Donald Trump, wordsmith? Not exactly, but there's a lot more to his rhetoric than meets the eye. Take, for example, the way he answers a question.
A recent video essay produced by The Nerdwriter, a weekly Web series, examines the way Trump responded to a question in a December appearance on "Jimmy Kimmel Live!" on ABC and found that he uses simple language, constructed in a very specific way to be incredibly persuasive.
When host and comedian Kimmel asks Trump whether it was un-American and wrong to discriminate against people based on their religion in light of the billionaire's inflammatory statements about Muslims, he responds:
"But, Jimmy, the problem -- I mean, look, I'm for it. But look, we have people coming into our country that are looking to do tremendous harm. You look at the two -- look at Paris. Look at what happened in Paris. I mean, these people, they did not come from Sweden, okay? Look at what happened in Paris. Look at what happened last week in California, with, you know, 14 people dead. Other people going to die, they're so badly injured. And what I wanna do is find out what it -- you know, you can't solve a problem until you find out what's the root cause. And I wanna find out, what is the problem, what's going on. And, it's temporary. I've had so many people call me and say thank you. Now, if you remember, when I did that a week ago it was like bedlam. All of a sudden -- and you watch last night, and you see people talking. They said, "Well, Trump has a point. We have to get down to the problem." The people that are friends of mine that called to say, "Donald, you have done us a tremendous service." Because we do have a problem, and we have to find out what is the --"
Here's how The Nerdwriter breaks it down.
Trump's one-minute reply says a lot about the GOP contender and his communication strategy. Both Trump's word choice and sentence structure are very simple. Of the 220 words in his response, 172 -- or 78% -- have one syllable. Thirty-nine words, or 17%, have two syllables.
Just four words in Trump's reply have three syllables, and three times it is the same word (one of Trump's favorites): tremendous. He only utters four-syllable words twice: California and temporary, the latter of which he essentially swallows.
He refrains from using complex sentences and independent clauses as well, instead sticking to simple, straightforward statements and assertions.
Though his language may be unsophisticated, the process behind them is not.
Trump has a penchant for speaking in the second person. He often uses the word "you" or addresses viewers with commands. He says to "look at" what happened in Paris and California, referring to the terrorist attacks in France and in San Bernardino, and repeats "you" 10 times.
The impact of the mechanism is, in part, to implicate listeners in what he's saying, almost as if they have already agreed. He says, "And you watched last night, and see you see people talking," in a way imploring onlookers to nod in agreement. He frames negative response to his statements as overreaction that was subsequently realized as such and adopted by others.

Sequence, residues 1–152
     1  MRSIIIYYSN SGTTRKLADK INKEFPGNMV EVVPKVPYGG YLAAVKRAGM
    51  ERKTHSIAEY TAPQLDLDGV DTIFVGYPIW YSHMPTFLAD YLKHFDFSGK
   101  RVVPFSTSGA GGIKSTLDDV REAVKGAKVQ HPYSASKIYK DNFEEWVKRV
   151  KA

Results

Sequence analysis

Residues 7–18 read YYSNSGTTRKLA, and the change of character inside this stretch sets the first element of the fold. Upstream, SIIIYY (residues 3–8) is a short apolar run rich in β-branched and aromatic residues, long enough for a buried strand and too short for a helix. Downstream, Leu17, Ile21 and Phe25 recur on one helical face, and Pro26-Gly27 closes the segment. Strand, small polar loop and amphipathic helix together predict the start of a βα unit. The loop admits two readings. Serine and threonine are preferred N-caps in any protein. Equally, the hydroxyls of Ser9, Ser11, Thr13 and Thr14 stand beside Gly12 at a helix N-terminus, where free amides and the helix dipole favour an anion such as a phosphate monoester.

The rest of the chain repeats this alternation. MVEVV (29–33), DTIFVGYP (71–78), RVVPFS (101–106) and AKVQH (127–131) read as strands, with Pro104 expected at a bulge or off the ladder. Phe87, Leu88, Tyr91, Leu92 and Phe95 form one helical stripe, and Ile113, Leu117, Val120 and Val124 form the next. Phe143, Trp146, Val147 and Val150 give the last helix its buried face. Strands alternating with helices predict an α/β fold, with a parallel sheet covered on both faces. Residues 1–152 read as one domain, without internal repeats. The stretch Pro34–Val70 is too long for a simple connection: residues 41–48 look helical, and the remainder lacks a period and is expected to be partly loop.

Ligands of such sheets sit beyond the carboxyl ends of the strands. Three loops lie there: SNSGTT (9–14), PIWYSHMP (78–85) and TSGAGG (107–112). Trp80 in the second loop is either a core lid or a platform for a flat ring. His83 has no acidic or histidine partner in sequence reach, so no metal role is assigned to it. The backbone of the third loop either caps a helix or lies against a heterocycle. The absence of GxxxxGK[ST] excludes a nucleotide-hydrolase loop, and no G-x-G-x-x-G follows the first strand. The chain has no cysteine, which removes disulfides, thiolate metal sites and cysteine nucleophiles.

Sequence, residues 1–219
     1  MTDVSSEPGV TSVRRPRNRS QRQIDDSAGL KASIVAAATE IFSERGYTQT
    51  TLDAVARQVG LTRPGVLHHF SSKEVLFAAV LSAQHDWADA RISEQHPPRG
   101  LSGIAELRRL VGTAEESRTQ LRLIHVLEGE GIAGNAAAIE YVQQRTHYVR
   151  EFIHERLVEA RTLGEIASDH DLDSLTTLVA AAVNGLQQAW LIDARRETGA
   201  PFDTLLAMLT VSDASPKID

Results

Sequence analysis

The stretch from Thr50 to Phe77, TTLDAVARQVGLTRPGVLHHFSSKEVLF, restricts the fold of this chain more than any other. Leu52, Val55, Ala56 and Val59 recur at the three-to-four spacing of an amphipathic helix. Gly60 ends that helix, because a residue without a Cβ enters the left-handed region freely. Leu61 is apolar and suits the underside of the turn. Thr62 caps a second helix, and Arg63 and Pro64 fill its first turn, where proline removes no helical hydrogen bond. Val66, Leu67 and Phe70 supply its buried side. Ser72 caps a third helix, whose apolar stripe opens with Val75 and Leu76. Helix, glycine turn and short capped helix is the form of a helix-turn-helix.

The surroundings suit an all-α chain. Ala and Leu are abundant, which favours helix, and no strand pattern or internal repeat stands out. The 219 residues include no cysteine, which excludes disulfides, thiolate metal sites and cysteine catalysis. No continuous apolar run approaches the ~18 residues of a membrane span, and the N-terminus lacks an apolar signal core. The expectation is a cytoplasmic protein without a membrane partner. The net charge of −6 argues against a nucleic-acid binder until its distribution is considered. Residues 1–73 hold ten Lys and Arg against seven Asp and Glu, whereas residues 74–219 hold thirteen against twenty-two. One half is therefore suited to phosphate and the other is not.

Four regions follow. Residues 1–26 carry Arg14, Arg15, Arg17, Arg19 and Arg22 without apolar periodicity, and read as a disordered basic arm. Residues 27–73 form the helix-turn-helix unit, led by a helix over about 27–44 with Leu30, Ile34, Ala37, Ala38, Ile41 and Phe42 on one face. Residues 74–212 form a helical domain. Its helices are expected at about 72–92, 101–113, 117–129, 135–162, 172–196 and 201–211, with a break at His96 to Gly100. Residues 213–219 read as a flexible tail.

Trump's tactics of getting others to adopt his ideas aren't just rhetorical.
He released his Muslim immigration proposal on December 7. At the next Republican presidential debate, just over a week later on December 15, the topic of Muslim immigration and ties between Islam and terrorism dominated the conversation. His focus on building a wall to Mexico early in the campaign has pushed the issue of immigration to the forefront of the GOP presidential race, and in December, Marco Rubio and Ted Cruz spent much of the presidential debate sparring about the topic while Trump largely stayed out of the brawl.
Another part of Trump's rhetorical strategy comes in ending his sentences with strong, punchy words -- even if that means adopting an unconventional way of speaking. Instead of saying he wants to find out "what the root cause is," which would be more natural, he says "find out what's the root cause" so he can end with a more forceful image.
Focusing on the last words of his sentences -- which are often the most comprehensible parts of his statement -- paints a pretty scary picture: harm, dead, injured, problem, root cause, point, problem, service.
In his response to Kimmel, Trump also cites friends calling him to thank him for his actions -- another tactic he has employed time and time again. According to Trump, the list of those who have shown or should show gratitude to him includes the United Kingdom, Muslims and New York City.
This isn't the first time Trump's way of speaking has garnered attention.
The Boston Globereviewed Trump's and 18 other candidates' language and found that the former reality television star speaks at a fourth-grade level, the lowest of any contender. By comparison, Hillary Clinton speaks at a seventh-grade level, Jeb Bush, Chris Christie and Rubio are in the eighth grade, and Bernie Sanders is the smartypants of the bunch, speaking at a tenth-grade level.
The New York Timesmatched candidates' language with the books they sound like and concluded the billionaire falls somewhere between Adventures of Huckleberry Finn and the fairy tales of Hans Christian Anderson. The publication's choice title for him: The Legends of King Arthur.
Other assessments of Trump's speech have been less lighthearted.
A separate Times piece notes that Trump's words differ significantly from those of previous presidents and concluded the GOP frontrunner's language is "darker, more violent and more prone to insults and aggrandizing." A Forbes article highlighted warnings that Trump's rhetoric could do lasting damage to the U.S. brand.